The difference between the sender and the author of data is important if the malicious program can record the data passed between the authorized parties. Suppose that a component A performs a critical operation, but only upon request by a specific other component B, if a malicious program records the data sent by B to A, it can, at a later time, send them again to A and request the execution of the critical operation. Even if this data carries a proof of A's authorship B may still be unable to discover its malicious sender.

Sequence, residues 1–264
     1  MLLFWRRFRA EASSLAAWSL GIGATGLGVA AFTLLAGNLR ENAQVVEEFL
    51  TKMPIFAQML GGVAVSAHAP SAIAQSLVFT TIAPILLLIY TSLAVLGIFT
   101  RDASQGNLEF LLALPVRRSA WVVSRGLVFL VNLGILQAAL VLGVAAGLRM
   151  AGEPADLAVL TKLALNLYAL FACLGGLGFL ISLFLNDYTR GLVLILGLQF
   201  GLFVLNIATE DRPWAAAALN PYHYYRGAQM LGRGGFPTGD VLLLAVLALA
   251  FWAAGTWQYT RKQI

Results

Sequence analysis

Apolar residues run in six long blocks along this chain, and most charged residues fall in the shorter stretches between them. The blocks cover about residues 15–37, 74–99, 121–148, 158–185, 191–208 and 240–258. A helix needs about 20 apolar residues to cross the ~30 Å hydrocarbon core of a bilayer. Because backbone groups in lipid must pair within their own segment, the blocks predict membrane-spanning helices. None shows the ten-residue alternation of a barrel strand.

A common suggestion for the enforcement of Requirement 5 is the use of digital signatures. Each communication component is given an individual secret private key and a public key; the sender signs the outbound data with its private key and the receiver of the data can verify the sender's claims with its public key. This naive approach has two problems in practice: the sender's problem of keeping the private key secret and the receiver's problem of obtaining the authentic public key of the claimant sender. The sender must store its private key at some location, e.g. it can be coded in its executable file or it can be placed in some storage external to it, and it must load this key during its execution into its address space. One way or another, if the attacker can obtain a copy of the executable file or a fragment of the address space with the private key for off-line analysis, then there are reliable techniques for spotting a private key in such objects and retrieving it from them. If the public key of the sender is passed to the receiver as any data is, then a malicious program can try to establish a communication with a component by sending to it its own public key. The receiver will then receive signed data from a malicious source.